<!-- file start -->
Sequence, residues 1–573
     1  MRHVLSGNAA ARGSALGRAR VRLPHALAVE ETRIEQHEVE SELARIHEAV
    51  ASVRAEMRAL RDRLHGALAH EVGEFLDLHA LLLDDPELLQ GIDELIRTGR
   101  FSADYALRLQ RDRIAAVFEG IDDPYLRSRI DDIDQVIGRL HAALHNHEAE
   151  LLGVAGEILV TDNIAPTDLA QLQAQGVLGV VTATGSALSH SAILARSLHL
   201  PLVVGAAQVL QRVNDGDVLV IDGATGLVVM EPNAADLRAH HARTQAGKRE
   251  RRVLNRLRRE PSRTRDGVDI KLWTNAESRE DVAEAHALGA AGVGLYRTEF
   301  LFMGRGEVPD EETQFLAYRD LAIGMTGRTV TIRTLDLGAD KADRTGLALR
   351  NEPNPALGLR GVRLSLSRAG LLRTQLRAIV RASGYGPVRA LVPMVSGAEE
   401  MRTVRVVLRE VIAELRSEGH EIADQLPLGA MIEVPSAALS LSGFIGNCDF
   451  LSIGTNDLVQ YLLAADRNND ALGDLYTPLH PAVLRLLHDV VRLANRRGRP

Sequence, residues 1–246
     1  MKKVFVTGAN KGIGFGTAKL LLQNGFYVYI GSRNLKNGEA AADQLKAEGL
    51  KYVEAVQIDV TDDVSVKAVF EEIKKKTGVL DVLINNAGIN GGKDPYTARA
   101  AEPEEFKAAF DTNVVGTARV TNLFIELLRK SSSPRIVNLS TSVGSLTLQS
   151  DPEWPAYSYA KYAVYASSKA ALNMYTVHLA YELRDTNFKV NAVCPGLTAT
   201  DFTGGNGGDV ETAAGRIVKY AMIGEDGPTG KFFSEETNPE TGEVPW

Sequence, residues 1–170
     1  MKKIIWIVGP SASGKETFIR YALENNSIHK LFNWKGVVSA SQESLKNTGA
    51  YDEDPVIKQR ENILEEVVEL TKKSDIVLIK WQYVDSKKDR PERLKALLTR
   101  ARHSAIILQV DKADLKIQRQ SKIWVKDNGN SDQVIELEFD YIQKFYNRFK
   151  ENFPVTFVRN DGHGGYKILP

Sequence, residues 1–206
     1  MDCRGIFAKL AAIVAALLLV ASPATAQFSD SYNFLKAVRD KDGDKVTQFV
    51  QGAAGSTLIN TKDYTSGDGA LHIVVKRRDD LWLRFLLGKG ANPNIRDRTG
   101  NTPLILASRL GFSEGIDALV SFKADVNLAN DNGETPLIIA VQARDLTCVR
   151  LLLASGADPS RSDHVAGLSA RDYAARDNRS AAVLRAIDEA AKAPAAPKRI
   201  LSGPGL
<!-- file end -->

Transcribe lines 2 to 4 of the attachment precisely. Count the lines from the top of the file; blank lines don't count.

     1  MRHVLSGNAA ARGSALGRAR VRLPHALAVE ETRIEQHEVE SELARIHEAV
    51  ASVRAEMRAL RDRLHGALAH EVGEFLDLHA LLLDDPELLQ GIDELIRTGR
   101  FSADYALRLQ RDRIAAVFEG IDDPYLRSRI DDIDQVIGRL HAALHNHEAE